Feature Articles

Photonics In Cable Television Systems

During the last decade, millions of miles of fiber optic cable and thousands of photonic components revolutionized the telecommunications industry. Digital long-haul systems, using single-mode fiber and simple Fabry-Perot lasers, offered unquestionable quality and bandwidth advantages over the antiquated microwave network. Yet in spite of the success of digital lightwave technology, the fidelity of even the finest early fiber links did not allow transmission of the complete video spectrum delivered by the cable television industry over coaxial cable.

by T. E. Darcie
Advanced Technology In Laser-Based Hand-Held Bar Code Scanners

A hand-held laser bar code scanner is an electro-optical system of modest complexity. The design and manufacture of laser-based hand-held bar code scanning equipment presents a challenging interdisciplinary system design task. Scanners must demonstrate state-of-the-art performance, high reliability, and exceptional ruggedness, and be designed for high volume manufacture at prices competitive in a world market.

by Jay M. Eastman and Anna M. Quinn
Optical Symbols: Do They Exist?

A couple of weeks ago, I got a call from John Webb, the sales manager at Power Technology Inc. in Mabelvale, Ark. He was calling because he knew I was involved in optical standards of symbols to represent optical components. I assumed he was talking about the symbols we have in ISO 10110, the new optical drawing standard.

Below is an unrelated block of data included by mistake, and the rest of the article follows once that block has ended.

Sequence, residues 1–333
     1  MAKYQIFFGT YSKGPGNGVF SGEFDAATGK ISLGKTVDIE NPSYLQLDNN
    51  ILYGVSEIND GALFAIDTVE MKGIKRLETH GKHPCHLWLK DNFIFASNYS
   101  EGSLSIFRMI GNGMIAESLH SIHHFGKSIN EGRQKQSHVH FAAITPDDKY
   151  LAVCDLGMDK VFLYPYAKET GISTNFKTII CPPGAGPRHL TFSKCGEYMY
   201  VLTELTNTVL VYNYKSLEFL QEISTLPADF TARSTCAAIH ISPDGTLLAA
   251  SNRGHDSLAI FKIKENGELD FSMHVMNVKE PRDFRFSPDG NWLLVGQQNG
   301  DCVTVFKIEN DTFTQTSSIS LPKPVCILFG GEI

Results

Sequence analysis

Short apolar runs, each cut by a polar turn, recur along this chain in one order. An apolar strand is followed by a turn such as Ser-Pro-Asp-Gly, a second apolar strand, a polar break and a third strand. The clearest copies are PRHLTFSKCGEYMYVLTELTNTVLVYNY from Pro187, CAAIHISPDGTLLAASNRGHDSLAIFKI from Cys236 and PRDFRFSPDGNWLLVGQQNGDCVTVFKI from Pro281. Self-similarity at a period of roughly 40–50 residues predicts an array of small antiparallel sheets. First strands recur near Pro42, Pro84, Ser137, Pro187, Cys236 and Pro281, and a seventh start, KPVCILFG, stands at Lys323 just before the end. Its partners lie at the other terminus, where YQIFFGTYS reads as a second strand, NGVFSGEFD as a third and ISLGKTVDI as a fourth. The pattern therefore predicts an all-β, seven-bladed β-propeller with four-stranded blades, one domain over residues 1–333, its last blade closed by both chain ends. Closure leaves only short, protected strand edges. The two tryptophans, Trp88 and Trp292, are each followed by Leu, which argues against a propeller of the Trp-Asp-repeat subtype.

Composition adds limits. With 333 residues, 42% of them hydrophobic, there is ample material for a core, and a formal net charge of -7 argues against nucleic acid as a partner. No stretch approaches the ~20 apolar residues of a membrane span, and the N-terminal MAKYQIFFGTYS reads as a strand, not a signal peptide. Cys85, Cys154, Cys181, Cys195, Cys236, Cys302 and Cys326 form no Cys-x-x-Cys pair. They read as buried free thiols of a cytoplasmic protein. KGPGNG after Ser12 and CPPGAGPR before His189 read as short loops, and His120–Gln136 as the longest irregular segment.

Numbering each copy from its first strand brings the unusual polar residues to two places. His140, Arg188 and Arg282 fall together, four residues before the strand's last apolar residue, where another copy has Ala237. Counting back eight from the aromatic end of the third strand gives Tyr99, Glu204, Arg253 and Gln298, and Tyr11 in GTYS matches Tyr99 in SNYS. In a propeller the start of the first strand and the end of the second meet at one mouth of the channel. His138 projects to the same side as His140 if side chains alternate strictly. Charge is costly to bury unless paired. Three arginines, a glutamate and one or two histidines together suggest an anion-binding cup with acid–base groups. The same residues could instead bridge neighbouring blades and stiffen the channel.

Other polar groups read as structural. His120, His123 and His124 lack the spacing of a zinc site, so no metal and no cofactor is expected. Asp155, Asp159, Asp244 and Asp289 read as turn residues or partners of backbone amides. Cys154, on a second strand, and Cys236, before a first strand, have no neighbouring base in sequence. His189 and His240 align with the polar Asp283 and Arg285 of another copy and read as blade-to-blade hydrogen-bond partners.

by Robert E. Parks
Perception Is No Accident

Seeing is believing, right? Or is it? Look at Figure 1. To most people, the square region in the center looks brighter than the surrounding white area, but actually they're physically the same. To many, the square region appears to be a flat surface that sits above the rest of the figure and partially covers the lines. The illusory surface has clear illusory contours (edges) that delimit it. Figure 2 was created by adding lines that terminate at the same points as the lines in the first figure, one being added for each line in the first figure. But now the illusory surface and illusory contour are much weaker. Why? After all, the endpoints of the lines are still just as nicely lined up as the previous figure, there are still just as many points of contact to "guide" the illusory contour, and they are spaced apart in the same way as in the previous figure. In fact, since we have added more lines, we might reasonably expect the illusion to be strengthened instead of weakened.

by Marc K. Albert and Donald D. Hoffman